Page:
Well, if you look at a cast iron pan under a microscope, you'll see all kinds of tiny little pores, cracks, and irregularities in the surface.* When food cooks, it can seep into these cracks, causing it to stick. Not only that, but proteins can actually form chemical bonds with the metal as it comes into contact with it. Ever have a piece of fish tear in half as you cook it because it seems like it's actually bonded with the pan? That's because it has.

To prevent both of these things from happening, you need to fill in the little pores, as well as creating a protective layer above the bottom of the pan to prevent protein from coming into contact with it. Enter fat.

When fat is heated in the presence of metal and oxygen, it polymerizes. Or, to put it more simply, it forms a solid, plasticlike substance that coats the pan. The more times oil is reheated in a pan, the thicker this coating gets, and the better the nonstick properties of the pan.

Here's how to build up the initial layer of seasoning in your pan:

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Until you've got a good layer of seasoning built up, avoid excessive use of soap or cooking acidic sauces, as both can make the process take longer.

Maintenance

People are irrationally afraid of caring for cast iron. The truth is, once you've got a good layer of seasoning, cast iron is pretty tough. You can't scratch it out with metal utensils. You can't destroy it by using soaps (modern dish soaps are very gentle on everything except for grease). To maintain and build on it, all it takes is to remember a few key points:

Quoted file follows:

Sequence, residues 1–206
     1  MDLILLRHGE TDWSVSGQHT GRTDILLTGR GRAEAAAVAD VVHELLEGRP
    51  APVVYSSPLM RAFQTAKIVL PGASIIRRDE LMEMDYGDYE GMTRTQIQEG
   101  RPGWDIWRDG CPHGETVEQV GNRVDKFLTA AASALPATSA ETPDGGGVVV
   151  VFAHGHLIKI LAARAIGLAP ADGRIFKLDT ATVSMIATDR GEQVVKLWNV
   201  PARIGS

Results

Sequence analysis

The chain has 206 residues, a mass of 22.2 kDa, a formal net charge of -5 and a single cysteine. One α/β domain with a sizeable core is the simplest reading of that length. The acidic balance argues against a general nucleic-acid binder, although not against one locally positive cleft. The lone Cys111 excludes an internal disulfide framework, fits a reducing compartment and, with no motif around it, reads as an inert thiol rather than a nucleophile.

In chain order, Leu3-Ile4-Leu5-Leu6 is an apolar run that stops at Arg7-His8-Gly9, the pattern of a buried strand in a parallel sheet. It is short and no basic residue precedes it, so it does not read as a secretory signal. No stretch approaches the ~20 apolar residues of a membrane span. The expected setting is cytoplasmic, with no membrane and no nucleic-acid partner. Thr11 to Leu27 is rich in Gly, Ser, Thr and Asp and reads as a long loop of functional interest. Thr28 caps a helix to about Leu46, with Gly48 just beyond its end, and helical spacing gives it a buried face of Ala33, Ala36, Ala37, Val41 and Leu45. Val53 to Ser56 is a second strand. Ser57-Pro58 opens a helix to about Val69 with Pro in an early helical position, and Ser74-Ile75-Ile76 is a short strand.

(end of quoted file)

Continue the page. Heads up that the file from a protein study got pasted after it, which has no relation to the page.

Worst Case Scenarios

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From left: scaling and rust.

There are basically only two really bad things that can happen to your cast iron cookware—scaling and rust—and neither of them is that bad.

The photo on the left shows a cast iron pan that has undergone scaling. This happens when you heat the pan too often without adding extra oil to it. Rather than coming off in microscopic bits like normal seasoning will, the layer of polymers sloughs off in large flakes. To reach this state, I stored my pan in the oven for a month's worth of heating cycles without reoiling the surface in between heating. It's easy to avoid this problem by regularly oiling the pan after each use and not overheating it (don't leave it in the oven during the cleaning cycle, for instance), but once it happens, there's no turning back—you'll have to reseason it from the start.

The photo on the right is a spot of rust that appeared on a cast iron pan that was not seasoned well enough and was left to air-dry. Water came in contact with the iron, causing it to rust. Unless the entire pan has rusted (in which case, you'll have to reseason the whole thing), this one is not much to worry about. Rinse it out with water, dry it, heat it up, and rub it down with oil. After a few uses, the rusted spot should be perfectly well seasoned again.

Which Pan Should I Buy?

20100608-cast-iron-lodge.jpgIf you're lucky enough to come across a reasonably priced cast iron pan from the early 20th century at a yard sale or flea market (say, under $50 or so), scoop it up immediately. You can occasionally also find good deals on eBay and sites like it.

I personally find it ridiculous to pay the $150-plus that some sellers are asking for old cast iron when a new cast iron pan, like the 10 1/4-inch Seasoned Cast Iron Skillet from Lodge costs a mere $16.00 and will give you an equally lustrous nonstick surface with just a bit of time and care.

* These are not to be confused with the bumps and dimples you can see on the surface with your naked eye, which have no effect on its nonstick properties.

About the author: J. Kenji Lopez-Alt is the Chief Creative Officer of Serious Eats where he likes to explore the science of home cooking in his weekly column The Food Lab. You can follow him at @thefoodlab on Twitter, or at The Food Lab on Facebook.